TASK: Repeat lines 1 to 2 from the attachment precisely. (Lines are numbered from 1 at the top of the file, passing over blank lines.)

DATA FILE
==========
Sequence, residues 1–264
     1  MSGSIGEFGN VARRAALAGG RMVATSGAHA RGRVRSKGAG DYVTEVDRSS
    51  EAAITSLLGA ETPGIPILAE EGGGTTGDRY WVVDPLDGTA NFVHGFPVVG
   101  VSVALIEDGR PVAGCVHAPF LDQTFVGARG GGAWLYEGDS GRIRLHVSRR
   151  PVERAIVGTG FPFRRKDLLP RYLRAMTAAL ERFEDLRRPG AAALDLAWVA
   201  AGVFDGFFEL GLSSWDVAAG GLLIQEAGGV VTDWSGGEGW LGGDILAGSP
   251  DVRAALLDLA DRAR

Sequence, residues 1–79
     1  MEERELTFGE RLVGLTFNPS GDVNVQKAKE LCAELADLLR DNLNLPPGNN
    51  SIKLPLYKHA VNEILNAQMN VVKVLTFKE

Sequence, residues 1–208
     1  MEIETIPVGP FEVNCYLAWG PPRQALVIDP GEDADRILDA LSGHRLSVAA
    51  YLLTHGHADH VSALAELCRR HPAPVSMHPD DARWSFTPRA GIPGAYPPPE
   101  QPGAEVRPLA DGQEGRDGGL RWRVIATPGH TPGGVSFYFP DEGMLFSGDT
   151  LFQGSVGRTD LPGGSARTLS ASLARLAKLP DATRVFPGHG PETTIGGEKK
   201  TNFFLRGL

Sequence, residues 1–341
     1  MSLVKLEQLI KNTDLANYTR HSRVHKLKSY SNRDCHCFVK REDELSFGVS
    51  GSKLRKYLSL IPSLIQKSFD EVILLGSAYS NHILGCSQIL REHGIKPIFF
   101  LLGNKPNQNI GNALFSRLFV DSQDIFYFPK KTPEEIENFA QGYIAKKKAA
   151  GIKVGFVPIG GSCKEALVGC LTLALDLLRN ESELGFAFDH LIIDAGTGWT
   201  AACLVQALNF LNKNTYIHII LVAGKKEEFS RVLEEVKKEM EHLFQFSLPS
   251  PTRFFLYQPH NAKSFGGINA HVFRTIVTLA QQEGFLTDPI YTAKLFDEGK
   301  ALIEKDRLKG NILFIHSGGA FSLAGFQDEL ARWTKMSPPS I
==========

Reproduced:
Sequence, residues 1–264
     1  MSGSIGEFGN VARRAALAGG RMVATSGAHA RGRVRSKGAG DYVTEVDRSS